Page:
CS 261: Data Structures




POLICIES
SCHEDULE
ASSIGNMENTS
RESOURCES


Course Description
This course covers some of the general-purpose data structures and algorithms, and software development. It is aimed at helping you understand the reasons for choosing structures or algorithms. Topics covered include managing complexity, abstraction, analysis, vectors, lists, queues, trees, heaps, hash tables maps, and graphs.


Official Course Catalog Description
Complexity analysis. Approximation methods. Trees and graphs. File processing. Binary search trees. Hashing. Storage management. Lec/rec. PREREQS: CS 162 and MATH 231.


Prerequisites
CS 162 and MATH 231. Students will be expected to have basic programming skills, and some prior experience with Unix.


Recommended reading
C Pocket Reference, by Peter Prinz and Ulla Kirch-Prinz, O'Reilly Media, Inc., November 2002

Other recommended reading
Additional readings, including lecture notes, are posted on the class website.


Course Learning Objectives
At the completion of the course, students will be able to...
  • Describe the properties, interfaces, and behaviors of basic abstract data types, such as collection, bag, indexed collection, sorted collection, stack, and queue.

  • Read an algorithm or program code segment that contains iterative constructs and analyze the asymptotic time complexity of the algorithm or code segment.

  • State the asymptotic time complexity of the fundamental operations associated with a variety of data structures, such as vector, linked list, tree, and heap.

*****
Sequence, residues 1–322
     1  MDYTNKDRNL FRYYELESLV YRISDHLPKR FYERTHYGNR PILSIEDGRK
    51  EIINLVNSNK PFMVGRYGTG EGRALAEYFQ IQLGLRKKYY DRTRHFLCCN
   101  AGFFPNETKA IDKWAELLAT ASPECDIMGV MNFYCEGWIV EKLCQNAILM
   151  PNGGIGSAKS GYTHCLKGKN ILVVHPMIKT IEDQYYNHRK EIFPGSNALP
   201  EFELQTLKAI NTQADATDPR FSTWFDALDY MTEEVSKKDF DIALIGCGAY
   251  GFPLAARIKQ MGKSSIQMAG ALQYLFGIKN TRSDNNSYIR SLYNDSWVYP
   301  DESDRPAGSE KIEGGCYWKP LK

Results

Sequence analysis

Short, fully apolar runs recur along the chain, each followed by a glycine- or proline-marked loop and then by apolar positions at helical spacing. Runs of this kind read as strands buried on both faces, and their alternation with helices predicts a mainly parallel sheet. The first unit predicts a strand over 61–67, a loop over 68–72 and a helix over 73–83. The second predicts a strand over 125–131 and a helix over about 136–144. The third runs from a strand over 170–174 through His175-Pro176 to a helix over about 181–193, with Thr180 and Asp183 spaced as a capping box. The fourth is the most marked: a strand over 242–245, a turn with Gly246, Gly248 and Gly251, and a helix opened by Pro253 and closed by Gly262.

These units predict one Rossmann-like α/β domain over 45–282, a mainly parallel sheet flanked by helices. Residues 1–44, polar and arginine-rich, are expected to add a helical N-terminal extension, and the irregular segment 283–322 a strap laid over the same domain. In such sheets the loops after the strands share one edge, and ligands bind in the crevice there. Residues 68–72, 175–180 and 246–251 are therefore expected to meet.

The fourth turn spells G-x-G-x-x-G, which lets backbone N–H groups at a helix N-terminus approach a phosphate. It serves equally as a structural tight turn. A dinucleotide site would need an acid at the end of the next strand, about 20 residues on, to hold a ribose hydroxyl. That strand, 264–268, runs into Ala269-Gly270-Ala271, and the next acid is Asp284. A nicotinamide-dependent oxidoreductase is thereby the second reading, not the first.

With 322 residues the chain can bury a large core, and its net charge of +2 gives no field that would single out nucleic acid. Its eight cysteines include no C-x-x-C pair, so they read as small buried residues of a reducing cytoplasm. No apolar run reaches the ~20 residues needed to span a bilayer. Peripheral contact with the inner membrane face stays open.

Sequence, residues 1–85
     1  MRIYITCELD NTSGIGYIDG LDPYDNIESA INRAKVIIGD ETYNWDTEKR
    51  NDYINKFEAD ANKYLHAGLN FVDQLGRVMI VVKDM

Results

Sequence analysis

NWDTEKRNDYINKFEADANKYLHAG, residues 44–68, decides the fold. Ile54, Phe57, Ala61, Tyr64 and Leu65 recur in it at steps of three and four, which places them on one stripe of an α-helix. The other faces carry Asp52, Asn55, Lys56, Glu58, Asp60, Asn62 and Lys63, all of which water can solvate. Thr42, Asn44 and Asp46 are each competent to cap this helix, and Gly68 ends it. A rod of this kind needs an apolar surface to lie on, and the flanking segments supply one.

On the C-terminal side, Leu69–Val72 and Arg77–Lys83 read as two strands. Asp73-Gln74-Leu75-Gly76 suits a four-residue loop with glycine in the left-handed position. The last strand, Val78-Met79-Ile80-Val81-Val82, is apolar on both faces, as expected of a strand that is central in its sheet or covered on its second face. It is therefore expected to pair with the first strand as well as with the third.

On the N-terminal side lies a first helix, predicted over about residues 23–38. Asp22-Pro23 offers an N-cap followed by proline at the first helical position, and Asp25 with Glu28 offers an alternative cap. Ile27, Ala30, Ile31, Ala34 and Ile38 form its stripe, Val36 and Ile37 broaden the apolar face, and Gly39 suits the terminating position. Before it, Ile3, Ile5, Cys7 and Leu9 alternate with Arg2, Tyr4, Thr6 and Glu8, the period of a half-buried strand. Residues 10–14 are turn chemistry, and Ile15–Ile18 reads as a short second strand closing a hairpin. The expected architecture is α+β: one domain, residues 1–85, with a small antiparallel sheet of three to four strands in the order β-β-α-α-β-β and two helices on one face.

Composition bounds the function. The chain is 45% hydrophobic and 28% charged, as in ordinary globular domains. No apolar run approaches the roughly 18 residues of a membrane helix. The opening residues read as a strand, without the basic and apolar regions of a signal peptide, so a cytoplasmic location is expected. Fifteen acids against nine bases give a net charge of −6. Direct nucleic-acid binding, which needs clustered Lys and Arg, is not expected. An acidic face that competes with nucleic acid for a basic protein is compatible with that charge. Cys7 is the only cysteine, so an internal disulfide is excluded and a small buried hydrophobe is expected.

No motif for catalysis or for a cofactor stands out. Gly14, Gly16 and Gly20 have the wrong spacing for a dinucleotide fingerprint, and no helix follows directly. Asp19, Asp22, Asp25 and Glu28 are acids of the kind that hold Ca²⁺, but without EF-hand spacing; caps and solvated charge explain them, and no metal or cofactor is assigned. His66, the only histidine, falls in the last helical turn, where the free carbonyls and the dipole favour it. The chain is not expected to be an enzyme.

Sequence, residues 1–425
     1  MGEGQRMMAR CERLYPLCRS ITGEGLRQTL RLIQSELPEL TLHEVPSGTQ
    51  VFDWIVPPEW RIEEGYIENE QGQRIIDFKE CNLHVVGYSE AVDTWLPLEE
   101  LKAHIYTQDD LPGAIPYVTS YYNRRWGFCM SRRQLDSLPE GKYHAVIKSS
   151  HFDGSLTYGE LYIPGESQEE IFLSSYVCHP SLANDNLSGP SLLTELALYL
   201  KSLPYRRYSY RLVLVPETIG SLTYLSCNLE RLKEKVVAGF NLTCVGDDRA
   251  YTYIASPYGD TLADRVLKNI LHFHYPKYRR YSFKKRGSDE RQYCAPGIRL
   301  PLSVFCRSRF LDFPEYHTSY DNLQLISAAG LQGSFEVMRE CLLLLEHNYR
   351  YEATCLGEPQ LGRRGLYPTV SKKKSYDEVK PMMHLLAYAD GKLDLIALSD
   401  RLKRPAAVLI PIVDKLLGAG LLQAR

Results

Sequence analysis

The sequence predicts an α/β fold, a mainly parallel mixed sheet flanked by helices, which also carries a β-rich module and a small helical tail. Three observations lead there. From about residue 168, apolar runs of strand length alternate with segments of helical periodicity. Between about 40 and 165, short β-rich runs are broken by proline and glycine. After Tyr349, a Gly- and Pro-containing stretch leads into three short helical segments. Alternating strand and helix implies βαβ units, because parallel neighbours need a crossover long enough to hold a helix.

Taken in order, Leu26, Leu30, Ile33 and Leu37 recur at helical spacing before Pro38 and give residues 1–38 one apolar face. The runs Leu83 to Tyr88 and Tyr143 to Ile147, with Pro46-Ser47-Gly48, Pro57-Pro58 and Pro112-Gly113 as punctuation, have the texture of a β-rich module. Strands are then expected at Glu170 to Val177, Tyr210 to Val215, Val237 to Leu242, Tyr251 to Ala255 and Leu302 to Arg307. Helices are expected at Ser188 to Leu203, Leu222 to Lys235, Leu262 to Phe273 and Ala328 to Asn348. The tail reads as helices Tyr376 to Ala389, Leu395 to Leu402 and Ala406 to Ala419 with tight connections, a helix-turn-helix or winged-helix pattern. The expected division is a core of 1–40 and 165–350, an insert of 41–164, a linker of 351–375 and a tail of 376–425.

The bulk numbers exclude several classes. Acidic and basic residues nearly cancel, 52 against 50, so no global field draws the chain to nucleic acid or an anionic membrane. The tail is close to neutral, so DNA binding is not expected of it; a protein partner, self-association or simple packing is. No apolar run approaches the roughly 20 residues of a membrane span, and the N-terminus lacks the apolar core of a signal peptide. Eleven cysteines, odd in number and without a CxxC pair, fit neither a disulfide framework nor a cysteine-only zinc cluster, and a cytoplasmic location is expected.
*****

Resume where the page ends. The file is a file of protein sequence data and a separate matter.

• Recall the space utilization of common data structures in terms of the long-term storage needed to maintain the structure, as well as the short-term memory requirements of fundamental operations, such as sorting.

  • Design and implement general-purpose, reusable data structures that implement one or more abstractions.

  • Compare and contrast the operation of common data structures (such as linear structures, priority queues, tree structures, hash tables, maps, and graphs) in terms of time complexity, space utilization, and the abstract data types they implement.


Communication
There is a class mailing list cs261-001-sp17@ENGR.ORST.EDU established for this course. I will use this e-mail address to send course announcements to the entire class. You may also use this e-mail address to post your course/homework related comments and questions.


Grading
Your grades will be based on programming assignments, worksheets, mid-term exams, and the final exam. Please see class policies for more details.


Academic Honesty
Each student is expected to practice honorable behavior inside and outside the classroom. Details about academic dishonesty and subsequent disciplinary actions can be found at the official website of Student Conduct & Community Standards at the Oregon State University. Please see class policies for more details.